Time to stimulate, not limit, pediatric subspecialist training
As Washington looks for ways to trim budget costs, one of the programs facing continued threats of cuts or elimination is the Children's Hospitals Graduate Medical Education (CHGME) Program, a program administered by the Health Resources and Services Administration (HRSA) that provides federal funds to freestanding children's hospitals to support pediatrician and resident training. A new commentary in the May Archives of Pediatrics & Adolescent Medicine illustrates the critical need for continued funding of this vital program, which supports the training of more than 40 percent of all pediatricians and 43 percent of all pediatric subspecialists.
Written by Dennis Rosen, MD, a pediatric pulmonologist at Children's Hospital Boston, the article describes a concerning trend in pediatrics that CHGME plays a crucial role in addressing. Across the nation there is a growing shortage of pediatric subspecialists. Fewer pediatric residency graduates are pursuing subspecialty training, creating significant vacancies nationwide in fields such as pediatric rheumatology, nephrology, and pulmonology, among others. The causes of this vary, and may include lifestyle choices and personal/financial issues (large burdens of debt, non-competitive salaries). As the current pool of subspecialists age toward retirement, substantial gaps in the ability of health care institutions to provide care and a greater inability to meet increasing demand are developing.
"Access to pediatric subspecialty care varies significantly across the country, with some states already lacking subspecialists in fields such as pediatric pulmonology and critical care," says Rosen. "The trends we see now are very worrisome, and without intervention we can expect to see increasing shortages in almost every area of pediatric subspecialty medicine. This will have severe implications for the health of those children in need of specialty care, such as those with diabetes, asthma, or developmental delay, affecting their quality of life as well as that of their families, and ultimately lead to increases in health care costs."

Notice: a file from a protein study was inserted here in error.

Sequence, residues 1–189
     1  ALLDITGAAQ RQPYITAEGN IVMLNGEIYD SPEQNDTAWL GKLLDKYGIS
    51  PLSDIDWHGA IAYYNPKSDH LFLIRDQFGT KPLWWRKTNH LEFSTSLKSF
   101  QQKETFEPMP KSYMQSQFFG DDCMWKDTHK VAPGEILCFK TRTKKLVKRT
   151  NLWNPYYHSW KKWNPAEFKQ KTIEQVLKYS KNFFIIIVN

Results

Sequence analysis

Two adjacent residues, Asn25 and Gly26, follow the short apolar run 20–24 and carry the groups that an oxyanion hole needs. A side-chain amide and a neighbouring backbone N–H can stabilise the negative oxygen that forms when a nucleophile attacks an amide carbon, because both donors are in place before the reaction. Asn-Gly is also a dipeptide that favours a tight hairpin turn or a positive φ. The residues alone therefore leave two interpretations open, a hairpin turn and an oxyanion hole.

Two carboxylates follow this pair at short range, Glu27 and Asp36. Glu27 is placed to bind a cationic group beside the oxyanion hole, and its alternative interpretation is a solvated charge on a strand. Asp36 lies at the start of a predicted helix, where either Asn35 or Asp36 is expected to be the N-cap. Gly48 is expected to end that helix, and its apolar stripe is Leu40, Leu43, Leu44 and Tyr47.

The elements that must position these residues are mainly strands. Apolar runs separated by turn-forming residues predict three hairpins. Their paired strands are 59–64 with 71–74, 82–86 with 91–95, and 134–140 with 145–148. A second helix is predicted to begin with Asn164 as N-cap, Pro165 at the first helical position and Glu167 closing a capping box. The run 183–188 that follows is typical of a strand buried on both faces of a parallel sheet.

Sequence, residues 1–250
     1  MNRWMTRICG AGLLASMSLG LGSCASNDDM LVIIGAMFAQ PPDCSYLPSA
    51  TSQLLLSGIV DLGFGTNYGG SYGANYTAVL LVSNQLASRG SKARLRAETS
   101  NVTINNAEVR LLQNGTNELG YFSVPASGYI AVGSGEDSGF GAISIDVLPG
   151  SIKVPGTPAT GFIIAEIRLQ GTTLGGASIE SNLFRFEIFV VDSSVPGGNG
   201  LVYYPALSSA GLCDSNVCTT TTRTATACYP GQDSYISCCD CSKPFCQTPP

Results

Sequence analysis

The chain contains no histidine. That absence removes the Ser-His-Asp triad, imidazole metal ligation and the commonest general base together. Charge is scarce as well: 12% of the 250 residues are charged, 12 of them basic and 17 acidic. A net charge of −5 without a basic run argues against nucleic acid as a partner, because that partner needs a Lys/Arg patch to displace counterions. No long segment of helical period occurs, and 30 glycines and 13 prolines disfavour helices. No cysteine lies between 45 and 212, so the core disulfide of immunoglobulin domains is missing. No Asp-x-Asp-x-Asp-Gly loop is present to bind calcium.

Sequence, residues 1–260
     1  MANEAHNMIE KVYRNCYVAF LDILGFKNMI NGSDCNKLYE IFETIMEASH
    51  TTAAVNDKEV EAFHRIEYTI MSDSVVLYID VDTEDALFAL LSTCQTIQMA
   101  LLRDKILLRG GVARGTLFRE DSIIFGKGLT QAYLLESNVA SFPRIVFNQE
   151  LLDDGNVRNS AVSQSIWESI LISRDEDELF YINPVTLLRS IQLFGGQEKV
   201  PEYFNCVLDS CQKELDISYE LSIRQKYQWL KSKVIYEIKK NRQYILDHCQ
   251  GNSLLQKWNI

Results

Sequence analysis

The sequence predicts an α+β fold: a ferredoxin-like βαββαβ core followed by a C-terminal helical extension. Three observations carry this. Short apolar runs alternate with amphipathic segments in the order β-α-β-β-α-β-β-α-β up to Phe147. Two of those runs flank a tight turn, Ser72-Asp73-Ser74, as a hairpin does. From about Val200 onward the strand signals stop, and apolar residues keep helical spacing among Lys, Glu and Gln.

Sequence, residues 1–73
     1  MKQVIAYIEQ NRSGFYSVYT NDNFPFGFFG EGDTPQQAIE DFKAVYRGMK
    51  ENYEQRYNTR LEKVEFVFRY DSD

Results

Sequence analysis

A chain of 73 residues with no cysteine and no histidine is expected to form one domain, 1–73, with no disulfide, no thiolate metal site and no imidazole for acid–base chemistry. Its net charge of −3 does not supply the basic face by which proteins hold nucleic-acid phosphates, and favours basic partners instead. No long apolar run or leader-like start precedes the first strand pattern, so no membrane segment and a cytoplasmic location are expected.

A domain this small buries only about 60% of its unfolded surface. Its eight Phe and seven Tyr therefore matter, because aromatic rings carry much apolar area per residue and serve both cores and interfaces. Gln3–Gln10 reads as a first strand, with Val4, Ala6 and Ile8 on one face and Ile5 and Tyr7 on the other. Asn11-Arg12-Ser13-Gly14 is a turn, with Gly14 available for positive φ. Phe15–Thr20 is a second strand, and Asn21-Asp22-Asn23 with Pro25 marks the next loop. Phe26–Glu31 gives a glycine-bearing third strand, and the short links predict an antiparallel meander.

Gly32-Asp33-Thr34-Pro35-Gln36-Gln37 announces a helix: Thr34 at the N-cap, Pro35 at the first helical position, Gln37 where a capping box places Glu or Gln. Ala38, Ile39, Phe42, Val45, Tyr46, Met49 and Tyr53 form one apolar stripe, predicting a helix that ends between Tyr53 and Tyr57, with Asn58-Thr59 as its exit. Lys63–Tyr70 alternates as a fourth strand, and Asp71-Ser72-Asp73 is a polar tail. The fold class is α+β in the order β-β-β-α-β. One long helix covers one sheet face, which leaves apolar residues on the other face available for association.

The CHGME program has proven to be successful in addressing a diminished pediatric specialist workforce by helping to fund pediatric training programs. Prior to its enactment in 2000 there was a decline in the numbers of both general pediatricians and pediatric subspecialists. Following its enactment, the decline was reversed.
While the number of primary care pediatricians has increased in recent years, it has not increased at the rate needed to keep up with demand. This further underscores the importance of sustaining CHGME in order to help children's hospitals attract and educate the next generation of pediatric care providers.
"We've seen the positive impact of CHGME, and sustaining this program is one of many interventions needed to ensure provision of high quality health care to the children of this country in the years to come," says Rosen. "We're already seeing the effects of the declining pediatric workforce. At Children's, we see patients who need to travel great distances for treatment because they have no access to the care they need in their home states. If current trends are not reversed, the situation will get dramatically worse."
CHGME is due for reauthorization this year, and is expected to be filed in the coming weeks. While authorized through September 2011, short and longer term funding for CHGME is in jeopardy. There is a significant reduction in funds available for HRSA through the end of FY2011, as part of the agreement made to avoid a federal government shutdown, and President Obama's budget proposal for FY2012 would eliminate the program.
Provided by Children's Hospital Boston
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